The Racial Wealth Gap in Iowa is a huge problem that Black Iowans face every day. There are 13 historical policies that directly contribute to these issues, and HOME, Inc. will be sharing a bit about each policy over the next few months.
Overall, Black Iowans living in Polk County face an unemployment rate of 16.7%, whereas the unemployment rate of the whole county is 3.5%. Additionally, the median income for Black households in 2014 was $28,833 as opposed to the $53,712 median income for white households.
These statistics are a stark reality that shows the systemic challenges that Black Iowans face, especially within Polk County and central Iowa. Working to reverse and correct the policies that are set in place to directly oppress Black Iowans is important to ensure equality in our state.
Redlining is one major factor contributing to the racial wealth gap. Redlining is defined as, “Redlining is a discriminatory practice that puts services (financial and otherwise) out of reach for residents of certain areas based on race or ethnicity. It can be seen in the systematic denial of mortgages, insurance, loans, and other financial services based on location rather than on an individual’s qualifications and creditworthiness. Notably, the policy of redlining is felt the most by residents of minority neighborhoods” according to Investopedia.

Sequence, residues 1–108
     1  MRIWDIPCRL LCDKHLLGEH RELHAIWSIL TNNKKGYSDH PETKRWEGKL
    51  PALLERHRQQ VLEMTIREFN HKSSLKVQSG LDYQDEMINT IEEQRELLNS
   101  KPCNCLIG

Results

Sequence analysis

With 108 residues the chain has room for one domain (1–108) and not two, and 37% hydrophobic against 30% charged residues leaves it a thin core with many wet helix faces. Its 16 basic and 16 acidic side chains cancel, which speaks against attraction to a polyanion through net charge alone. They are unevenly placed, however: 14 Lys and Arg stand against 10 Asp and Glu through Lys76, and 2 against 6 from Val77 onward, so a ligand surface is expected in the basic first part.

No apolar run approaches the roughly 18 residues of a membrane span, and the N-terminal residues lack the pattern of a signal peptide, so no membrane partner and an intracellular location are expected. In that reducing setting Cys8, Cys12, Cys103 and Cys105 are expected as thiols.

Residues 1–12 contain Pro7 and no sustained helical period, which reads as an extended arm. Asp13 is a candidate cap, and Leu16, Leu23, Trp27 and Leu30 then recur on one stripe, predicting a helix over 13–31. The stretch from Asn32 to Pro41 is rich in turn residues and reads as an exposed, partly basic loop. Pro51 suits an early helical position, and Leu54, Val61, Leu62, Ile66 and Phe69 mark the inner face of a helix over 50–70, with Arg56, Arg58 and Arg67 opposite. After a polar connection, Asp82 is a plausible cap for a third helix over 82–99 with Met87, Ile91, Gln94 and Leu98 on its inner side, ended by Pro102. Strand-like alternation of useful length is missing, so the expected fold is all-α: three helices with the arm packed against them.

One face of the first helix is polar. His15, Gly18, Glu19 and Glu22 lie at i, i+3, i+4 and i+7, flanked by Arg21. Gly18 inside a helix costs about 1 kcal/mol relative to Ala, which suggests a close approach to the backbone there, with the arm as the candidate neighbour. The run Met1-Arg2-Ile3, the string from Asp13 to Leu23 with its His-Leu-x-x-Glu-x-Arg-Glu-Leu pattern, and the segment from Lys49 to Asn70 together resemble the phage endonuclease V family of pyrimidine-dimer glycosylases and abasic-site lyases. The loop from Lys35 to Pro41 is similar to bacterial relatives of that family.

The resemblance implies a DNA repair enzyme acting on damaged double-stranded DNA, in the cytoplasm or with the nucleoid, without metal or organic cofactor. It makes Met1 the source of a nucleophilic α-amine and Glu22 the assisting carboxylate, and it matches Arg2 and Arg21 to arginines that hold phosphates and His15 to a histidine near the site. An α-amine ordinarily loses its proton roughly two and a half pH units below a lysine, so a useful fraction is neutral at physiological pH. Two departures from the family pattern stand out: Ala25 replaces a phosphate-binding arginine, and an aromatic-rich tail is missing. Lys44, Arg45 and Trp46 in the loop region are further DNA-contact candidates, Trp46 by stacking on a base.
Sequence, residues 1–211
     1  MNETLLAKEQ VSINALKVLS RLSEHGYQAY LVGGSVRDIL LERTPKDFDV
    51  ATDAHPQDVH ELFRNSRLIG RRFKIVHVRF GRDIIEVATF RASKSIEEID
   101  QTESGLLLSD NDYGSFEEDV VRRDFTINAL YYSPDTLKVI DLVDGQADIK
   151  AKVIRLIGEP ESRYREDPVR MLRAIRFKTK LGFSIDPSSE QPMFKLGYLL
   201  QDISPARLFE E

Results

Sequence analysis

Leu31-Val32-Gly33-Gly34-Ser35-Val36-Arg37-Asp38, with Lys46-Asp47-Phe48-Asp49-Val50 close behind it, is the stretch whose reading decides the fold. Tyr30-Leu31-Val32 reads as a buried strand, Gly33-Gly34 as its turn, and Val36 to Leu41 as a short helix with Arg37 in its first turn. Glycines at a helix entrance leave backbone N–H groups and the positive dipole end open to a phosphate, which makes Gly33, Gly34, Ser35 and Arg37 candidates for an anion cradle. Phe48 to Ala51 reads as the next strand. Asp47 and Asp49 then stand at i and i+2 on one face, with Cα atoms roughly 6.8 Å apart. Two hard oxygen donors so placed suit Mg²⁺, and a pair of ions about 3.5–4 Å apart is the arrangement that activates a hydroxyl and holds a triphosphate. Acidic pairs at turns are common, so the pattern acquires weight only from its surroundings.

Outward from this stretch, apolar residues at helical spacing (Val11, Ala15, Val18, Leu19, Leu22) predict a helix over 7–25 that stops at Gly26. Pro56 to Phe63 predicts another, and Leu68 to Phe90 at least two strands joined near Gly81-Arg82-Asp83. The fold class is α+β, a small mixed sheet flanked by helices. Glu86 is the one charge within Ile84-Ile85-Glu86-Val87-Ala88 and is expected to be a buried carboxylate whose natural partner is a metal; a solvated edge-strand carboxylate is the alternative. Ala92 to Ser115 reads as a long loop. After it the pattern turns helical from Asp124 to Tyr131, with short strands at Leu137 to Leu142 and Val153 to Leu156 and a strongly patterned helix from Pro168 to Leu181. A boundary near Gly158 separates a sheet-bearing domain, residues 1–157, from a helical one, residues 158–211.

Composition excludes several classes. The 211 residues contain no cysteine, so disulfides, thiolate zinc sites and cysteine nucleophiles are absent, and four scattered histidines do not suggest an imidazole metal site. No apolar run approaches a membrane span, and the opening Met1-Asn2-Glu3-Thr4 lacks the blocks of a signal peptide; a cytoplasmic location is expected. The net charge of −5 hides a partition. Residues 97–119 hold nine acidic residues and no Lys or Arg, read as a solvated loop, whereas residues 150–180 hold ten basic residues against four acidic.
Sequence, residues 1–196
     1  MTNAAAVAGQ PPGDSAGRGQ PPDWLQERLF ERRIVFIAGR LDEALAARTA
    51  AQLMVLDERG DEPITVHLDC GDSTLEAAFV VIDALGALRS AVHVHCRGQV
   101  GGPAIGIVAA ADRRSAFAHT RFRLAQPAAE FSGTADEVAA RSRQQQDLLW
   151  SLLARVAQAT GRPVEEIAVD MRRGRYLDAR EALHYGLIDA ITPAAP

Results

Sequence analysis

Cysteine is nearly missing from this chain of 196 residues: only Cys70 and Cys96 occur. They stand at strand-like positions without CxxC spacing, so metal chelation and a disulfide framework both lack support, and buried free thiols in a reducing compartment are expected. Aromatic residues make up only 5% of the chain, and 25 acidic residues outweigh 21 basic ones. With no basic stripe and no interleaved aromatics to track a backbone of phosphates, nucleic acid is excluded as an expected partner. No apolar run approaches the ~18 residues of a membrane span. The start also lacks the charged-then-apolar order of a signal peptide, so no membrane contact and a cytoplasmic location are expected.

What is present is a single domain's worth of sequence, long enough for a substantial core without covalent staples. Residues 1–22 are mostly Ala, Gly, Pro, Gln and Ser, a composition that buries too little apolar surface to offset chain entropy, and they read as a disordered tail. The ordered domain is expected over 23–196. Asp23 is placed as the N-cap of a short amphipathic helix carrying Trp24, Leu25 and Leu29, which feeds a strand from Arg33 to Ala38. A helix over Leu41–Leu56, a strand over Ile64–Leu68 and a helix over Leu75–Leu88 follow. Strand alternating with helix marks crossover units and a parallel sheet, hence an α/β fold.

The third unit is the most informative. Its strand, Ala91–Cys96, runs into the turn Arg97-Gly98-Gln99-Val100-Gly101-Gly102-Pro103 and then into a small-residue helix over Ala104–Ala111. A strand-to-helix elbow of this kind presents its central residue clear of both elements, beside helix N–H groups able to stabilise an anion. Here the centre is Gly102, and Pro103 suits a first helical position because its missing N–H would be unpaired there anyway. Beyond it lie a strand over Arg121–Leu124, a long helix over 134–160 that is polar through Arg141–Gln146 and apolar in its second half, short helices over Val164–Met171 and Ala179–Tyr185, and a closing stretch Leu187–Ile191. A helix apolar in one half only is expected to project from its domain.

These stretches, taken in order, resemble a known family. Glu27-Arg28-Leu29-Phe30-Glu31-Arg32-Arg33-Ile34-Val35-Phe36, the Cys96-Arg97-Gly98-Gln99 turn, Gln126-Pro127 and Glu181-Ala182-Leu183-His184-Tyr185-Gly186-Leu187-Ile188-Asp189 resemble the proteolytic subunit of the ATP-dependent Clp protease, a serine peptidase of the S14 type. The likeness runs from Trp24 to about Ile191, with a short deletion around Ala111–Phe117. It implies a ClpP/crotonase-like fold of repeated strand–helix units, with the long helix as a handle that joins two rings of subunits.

Des Moines is not immune to the practice of redlining, check out this map of the United States to see how and where redlining affects the Des Moines Community: https://dsl.richmond.edu/panorama/redlining/#loc=5/39.1/-94.58
Addressing racial inequality when it comes to the wealth gap is necessary to ensure the equal treatment of all citizens when it comes to purchasing a home, obtaining insurance, and healthcare.